Juba, South Sudan — The UN refugee agency on Friday warned that its capacity to contain an outbreak of hepatitis E among the refugee population in South Sudan was increasingly stretched at a time when funding for its emergency operation was depleted. "The risks will grow if, as currently anticipated, we see fresh inflows of refugees from South Kordofan and Blue Nile states in neighbouring Sudan," spokesman Adrian Edwards added.
Due to insecurity and worsening humanitarian conditions in South Kordofan and Blue Nile states, UNHCR staff on the ground expect thousands of new refugees to cross in the next weeks as roads become passable after the rainy season.
UNHCR and its partners, including South Sudan's national health authorities, are already fighting an outbreak of hepatitis E in Upper Nile and Unity states, two regions where the disease is endemic and where 175,000 Sudanese refugees have found shelter.
"We have seen 1,050 cases of hepatitis E in the refugee camps," said Edwards. "To date, 26 refugees have died in camps in Upper Nile. This is 10 more deaths since mid-September," he added. The hepatitis E virus is contracted and spread through consuming contaminated food and water. It damages the liver.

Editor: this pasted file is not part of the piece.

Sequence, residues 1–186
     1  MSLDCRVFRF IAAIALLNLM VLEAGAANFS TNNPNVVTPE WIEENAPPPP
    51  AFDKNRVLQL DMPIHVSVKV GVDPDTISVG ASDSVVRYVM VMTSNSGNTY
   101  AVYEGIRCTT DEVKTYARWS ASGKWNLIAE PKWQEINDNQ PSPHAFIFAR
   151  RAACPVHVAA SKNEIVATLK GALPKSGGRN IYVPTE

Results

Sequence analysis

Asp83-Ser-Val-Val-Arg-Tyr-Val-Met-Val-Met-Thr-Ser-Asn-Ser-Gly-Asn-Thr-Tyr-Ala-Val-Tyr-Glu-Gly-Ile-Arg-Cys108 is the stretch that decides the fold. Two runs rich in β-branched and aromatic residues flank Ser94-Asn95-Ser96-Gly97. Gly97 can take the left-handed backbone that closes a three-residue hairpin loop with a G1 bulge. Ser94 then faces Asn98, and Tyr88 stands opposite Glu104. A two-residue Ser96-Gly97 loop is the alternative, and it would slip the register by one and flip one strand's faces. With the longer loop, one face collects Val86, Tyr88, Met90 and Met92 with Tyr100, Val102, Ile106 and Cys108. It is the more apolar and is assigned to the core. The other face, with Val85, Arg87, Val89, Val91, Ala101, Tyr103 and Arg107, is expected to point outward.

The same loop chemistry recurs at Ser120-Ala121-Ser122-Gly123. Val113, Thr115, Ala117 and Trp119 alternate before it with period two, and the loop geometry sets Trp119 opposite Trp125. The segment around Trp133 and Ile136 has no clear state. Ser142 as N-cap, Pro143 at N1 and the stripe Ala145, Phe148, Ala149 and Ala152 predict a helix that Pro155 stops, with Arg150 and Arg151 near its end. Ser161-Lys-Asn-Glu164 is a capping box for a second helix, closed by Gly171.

Potentially fatal, the risk of infection is high in densely populated settings such as refugee camps. This is further exacerbated in the rainy season due to flooding and poor sanitation. Women and small children are the most vulnerable.
Early diagnosis is also crucial for the survival of patients. Edwards said UNHCR was working with the United States Centres for Disease Control and Prevention, which has sent six staff to test water and blood samples and conduct house-to-house interviews on hygiene practices.
To counter the spread of the disease among the tens of thousands of Sudanese refugees in South Sudan, "We are promoting better hygiene practices through hundreds of trained community workers. In all camps this community outreach exercise includes active case finding," Edwards said.
The refugee agency has also been working to improve the supply of clean water in the camps, as well as upgrade latrines and provide more washing stations and soap.
These measures have helped to slow the spread of the disease. However, UNHCR is struggling to meet the minimum humanitarian standards such as the provision of 15 to 20 litres of safe drinking water per refugee per day or building enough latrines so that each unit is shared by no more than 20 refugees.
Edwards stressed that UNHCR's South Sudan operation is seriously underfunded. "UNHCR needs a minimum of US$20 million until the end of the year to keep up basic life-saving activities. Of our revised appeal for US$186 million, only 40 per cent has been received so far. International NGOs also need additional funding beyond that amount to ensure that all activities can be carried out as needed," he stressed.